Lord Falconer: People are fed up with the Government. We need to make changes

Comment

Share
Related Topics

Will Lord Mandelson leave the Lords and be a candidate for the Commons at the next general election? In truth, I have no idea. His dominance in the Lords over all comers makes it understandable that the House in which most major events in politics happen would like to have him. And it is understandable some would like to see him back in the Commons.

But there are a number of more important things for Labour to be thinking about before we get to this point. The message of the polls and the recent Norwich by-election is that we have to change, if we want to escape the fatalism that grips the party. And if we do change, the Tories are vulnerable.

The current opinion polling over the last month or so produces a result of Tories 40 per cent, Labour 25 per cent and Liberal Democrats 19 per cent. A year ago the Tories were on 45 per cent and we were on 26 per cent. So we remain dismally unpopular – but doubts grow about the Tories.

These figures match the mood in the country. People are fed up and impatient with what they perceive to be a disconnected government, so they are thinking they might as well try the alternative, although it looks rather uninviting.

But if we are beaten, then so are the people who depend on us: the poorest in our society, and those who seek a progressive alternative to the stifling conservatism of David Cameron.

The public are right to want us to change, so that we have direction and definition. Are we tough on crime, or are we liberal? Are we in favour of reform of the public services? Are we supportive of the Afghanistan intervention, or do we want to get out? Do we accept the need for serious public expenditure cuts, or do we intend to continue spending as before?

We must remember that the poor are the worst hit by the recession. They want change and understanding. They will be hard to convince without change which is seen or felt. Words are not enough.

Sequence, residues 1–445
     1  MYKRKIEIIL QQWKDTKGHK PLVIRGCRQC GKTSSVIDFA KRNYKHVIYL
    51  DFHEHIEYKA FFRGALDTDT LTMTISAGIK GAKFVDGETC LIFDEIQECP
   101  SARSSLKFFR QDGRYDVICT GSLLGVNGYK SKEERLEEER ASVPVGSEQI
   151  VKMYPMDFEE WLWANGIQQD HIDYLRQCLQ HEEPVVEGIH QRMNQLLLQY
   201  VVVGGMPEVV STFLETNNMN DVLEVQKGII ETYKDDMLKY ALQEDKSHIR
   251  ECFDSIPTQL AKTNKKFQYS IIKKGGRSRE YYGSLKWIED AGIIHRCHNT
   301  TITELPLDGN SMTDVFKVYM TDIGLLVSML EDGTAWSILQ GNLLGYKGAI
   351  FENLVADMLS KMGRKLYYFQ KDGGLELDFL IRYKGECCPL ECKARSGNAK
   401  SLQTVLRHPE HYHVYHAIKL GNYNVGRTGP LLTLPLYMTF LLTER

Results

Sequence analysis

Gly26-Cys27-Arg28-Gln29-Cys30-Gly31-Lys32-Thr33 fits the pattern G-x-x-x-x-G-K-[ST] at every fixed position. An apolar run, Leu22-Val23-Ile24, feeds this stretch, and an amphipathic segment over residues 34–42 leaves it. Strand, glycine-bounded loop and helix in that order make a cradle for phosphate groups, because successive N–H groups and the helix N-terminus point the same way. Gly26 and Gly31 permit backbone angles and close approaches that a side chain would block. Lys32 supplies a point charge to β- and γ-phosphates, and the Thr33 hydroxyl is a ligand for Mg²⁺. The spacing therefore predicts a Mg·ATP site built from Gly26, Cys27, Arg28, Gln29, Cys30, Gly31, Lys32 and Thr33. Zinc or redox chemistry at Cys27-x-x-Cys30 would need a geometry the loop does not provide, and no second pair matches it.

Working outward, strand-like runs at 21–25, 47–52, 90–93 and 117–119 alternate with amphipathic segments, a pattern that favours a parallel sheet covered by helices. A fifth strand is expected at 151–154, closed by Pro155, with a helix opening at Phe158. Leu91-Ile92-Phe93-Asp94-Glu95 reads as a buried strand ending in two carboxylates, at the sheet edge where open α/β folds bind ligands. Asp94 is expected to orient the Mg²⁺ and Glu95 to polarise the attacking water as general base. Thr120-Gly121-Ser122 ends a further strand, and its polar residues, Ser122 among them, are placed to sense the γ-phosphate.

And for those doubtful middle classes to return to the fold, we need to reflect both their values and their concerns. Their values are decent and fair. Their concerns are a faltering economy and unreliable public services. We need to identify our priorities on public services – but we are losing the debate over cuts.

We must show that we remain committed to our core supporters and to the middle-class voters, whether skilled workers or the professional classes. And to do this, we must change.

Firstly, we must conduct a review of public expenditure in which we identify our priorities (jobs, health, education, properly equipped armed forces) and we identify in some detail how we deliver on those priorities. Make no mistake: this will involve cuts in some places. And the losers could coalesce against us. But we must restore the sense that we understand the harsh reality of public finances, and remain committed to progressive causes.

Secondly, we must show we understand that it is the poorest who suffer most from the recession. We should use central government help to reduce social housing rents. Housing association rents will probably go down anyway from April next year, and there would be savings in housing benefit across the board. This help impacts most on those on who the recession impacts most.

We have to change or our voice will not be heard in the forthcoming election. And we need to be heard. The voters must see the Tories' failure to develop a green agenda beyond David Cameron being photographed on a sledge, their fevered desire to shrink the state and, most crucially, their lack of focus on the real losers in the economic downturn and failing to take steps to avoid the creation of long-term unemployment, particularly among the young.

If we don't listen and change, then we will lose the next election. We might lose it even if we do listen and change, but we will at least be in a position to keep the argument for progressive politics strong and alive, and influence the direction of British politics for the next generation.

Lord Falconer is the former Lord Chancellor

React Now

Latest stories from i100
Have you tried new the Independent Digital Edition apps?
iJobs Job Widget
iJobs General

Recruitment Genius: Online Media Sales Trainee